You work hard to ensure that your operations are sustainable and that you adhere to the latest reporting standards. Transparency matters to you and your business. Why? Because consumers care, investors care, employees care, journalists care and families and children care. But with all your hard work behind the scenes, shouldn’t you let your stakeholders know what you have achieved so far in terms of your company’s respect for children’s rights in your operations? They are interested. And who knows, you just might inspire a few other companies and organizations and people along the way.
We’ve pulled together this toolkit to make it a bit easier for you. We’re proud that you are on this journey with us. And we hope you are too.
Let your networks know! Send out a press release and spread the word in social media. See section below for inspiration and key messaging to use.
Blog post: If you currently have an active blog, highlight your benchmark score there. You are also welcome to pitch a blog post to the Global Child Forum blog, Frontlines. Click here if you wish to get in contact with us around that.
Annual report/sustainability report: Consider sharing your benchmark score and children’s rights policies, programs and performance in your reports to your stakeholders.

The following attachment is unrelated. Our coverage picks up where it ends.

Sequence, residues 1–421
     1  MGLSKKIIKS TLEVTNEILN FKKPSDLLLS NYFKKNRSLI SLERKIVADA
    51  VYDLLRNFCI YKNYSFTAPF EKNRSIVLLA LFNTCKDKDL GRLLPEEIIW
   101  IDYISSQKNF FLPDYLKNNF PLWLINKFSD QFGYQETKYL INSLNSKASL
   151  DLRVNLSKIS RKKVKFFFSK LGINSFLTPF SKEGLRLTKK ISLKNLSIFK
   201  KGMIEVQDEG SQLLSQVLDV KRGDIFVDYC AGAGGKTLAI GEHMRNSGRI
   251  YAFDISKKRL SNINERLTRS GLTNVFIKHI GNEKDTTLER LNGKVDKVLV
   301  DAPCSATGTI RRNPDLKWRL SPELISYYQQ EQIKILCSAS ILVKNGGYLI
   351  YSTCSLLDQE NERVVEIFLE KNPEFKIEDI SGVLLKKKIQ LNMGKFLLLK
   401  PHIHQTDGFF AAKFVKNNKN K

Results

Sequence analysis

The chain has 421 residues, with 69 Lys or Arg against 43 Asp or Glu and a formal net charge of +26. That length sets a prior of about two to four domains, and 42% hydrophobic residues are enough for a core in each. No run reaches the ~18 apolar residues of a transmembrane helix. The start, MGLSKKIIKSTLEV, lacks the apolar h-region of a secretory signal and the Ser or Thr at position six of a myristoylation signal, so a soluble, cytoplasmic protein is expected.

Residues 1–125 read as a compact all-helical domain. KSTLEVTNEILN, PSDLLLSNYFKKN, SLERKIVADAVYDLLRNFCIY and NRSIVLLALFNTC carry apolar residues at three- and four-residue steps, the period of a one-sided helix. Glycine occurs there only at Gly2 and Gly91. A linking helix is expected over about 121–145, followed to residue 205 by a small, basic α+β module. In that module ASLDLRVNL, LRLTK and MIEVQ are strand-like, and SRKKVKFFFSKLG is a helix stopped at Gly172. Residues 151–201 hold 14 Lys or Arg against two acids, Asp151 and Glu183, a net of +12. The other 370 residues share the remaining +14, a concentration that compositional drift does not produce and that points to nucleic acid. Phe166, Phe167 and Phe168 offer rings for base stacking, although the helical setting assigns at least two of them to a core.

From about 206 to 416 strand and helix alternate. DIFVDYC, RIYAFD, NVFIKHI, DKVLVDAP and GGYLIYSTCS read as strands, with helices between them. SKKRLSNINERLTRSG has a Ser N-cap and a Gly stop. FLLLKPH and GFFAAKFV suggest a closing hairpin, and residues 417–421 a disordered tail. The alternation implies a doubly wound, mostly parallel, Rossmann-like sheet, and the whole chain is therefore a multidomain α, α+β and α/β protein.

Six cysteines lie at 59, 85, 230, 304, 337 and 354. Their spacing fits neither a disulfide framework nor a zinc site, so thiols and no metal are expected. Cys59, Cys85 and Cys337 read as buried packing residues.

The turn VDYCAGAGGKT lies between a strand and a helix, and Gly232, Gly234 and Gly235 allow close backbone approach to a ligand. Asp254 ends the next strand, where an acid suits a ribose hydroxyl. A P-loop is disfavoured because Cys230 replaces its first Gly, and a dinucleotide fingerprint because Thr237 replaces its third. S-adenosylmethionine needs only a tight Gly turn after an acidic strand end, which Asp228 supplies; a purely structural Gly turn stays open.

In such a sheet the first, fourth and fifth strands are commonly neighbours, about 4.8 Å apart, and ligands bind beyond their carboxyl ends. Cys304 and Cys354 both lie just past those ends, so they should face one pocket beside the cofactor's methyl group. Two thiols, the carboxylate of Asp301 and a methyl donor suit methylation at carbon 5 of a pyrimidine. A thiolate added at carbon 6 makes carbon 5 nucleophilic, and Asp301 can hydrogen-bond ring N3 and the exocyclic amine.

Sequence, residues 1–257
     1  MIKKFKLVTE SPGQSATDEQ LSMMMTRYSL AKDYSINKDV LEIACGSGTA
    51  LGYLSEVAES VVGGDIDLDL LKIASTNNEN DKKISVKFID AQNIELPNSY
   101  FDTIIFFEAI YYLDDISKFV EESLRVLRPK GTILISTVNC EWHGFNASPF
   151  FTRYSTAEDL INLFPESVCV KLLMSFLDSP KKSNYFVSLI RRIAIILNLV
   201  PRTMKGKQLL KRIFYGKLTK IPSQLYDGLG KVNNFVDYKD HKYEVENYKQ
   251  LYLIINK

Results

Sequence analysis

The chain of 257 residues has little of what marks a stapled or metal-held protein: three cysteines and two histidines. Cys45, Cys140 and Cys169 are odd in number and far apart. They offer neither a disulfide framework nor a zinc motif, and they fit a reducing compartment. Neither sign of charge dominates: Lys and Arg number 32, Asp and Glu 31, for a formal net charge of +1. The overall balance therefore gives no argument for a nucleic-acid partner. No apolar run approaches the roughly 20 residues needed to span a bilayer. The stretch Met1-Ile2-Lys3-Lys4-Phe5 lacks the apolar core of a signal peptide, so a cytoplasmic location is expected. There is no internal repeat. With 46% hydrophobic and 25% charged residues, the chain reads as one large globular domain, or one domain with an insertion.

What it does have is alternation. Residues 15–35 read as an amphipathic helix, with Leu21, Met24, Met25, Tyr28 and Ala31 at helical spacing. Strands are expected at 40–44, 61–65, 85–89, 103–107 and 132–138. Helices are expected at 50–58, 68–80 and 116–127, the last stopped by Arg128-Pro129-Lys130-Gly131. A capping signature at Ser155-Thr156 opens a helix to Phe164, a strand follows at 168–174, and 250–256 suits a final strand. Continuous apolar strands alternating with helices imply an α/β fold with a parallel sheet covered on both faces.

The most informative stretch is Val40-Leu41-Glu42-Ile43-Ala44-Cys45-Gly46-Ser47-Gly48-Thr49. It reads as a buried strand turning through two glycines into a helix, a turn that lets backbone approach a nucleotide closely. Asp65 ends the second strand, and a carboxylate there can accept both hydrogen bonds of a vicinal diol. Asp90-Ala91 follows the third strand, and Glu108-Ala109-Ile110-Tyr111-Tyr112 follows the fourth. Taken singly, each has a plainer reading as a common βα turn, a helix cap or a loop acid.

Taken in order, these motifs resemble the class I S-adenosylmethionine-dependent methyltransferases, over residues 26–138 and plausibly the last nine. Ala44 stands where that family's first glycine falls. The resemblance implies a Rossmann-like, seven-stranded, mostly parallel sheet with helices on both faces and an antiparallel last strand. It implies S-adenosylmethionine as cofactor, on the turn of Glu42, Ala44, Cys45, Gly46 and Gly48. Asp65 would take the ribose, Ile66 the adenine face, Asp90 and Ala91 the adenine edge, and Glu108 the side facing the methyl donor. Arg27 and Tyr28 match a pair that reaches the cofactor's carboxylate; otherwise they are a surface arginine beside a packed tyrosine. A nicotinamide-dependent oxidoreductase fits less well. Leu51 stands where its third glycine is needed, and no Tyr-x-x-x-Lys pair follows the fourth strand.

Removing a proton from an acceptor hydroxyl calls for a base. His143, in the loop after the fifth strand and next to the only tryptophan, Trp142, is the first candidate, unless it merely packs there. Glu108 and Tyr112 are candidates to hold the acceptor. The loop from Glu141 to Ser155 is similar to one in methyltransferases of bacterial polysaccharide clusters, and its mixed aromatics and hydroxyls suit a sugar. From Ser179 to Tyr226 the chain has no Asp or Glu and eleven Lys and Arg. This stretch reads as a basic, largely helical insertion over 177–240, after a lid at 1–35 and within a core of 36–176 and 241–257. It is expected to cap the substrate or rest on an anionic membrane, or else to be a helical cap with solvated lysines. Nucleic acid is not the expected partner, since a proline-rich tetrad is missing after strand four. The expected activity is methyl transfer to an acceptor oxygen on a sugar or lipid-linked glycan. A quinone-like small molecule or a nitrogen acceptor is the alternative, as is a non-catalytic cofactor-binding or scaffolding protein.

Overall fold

Let your employees or those that you positively impact tell the story: Allow well-vetted, social media-savvy employees use your organization’s platforms like Instagram Stories, Facebook Live, and Snapchat to talk directly to your audience. It’s fun for your employees and engaging to your followers.
Don’t forget to use hashtag #GCFbenchmark. Hashtags act as a filter for online conversations and help your content reach new audiences. By adding #GCFbenchmark to the caption of your Tweet, Instagram, or Facebook post, your post will be more easier for others to see and find.
When communicating around your benchmark score, we ask that you clearly indicate the following:
“Global Child Forum basis its benchmark scores on a company’s publicly available information, systematically assessing a corporate’s response to impacts on children’s rights. Scores are not a measure of actual compliance with policies, outcomes of policies and/or programmes nor should scores be construed as investment advice. Read more about the methodology here.”
See how leading companies have shared the news about their children’s rights work and their standing in the benchmark: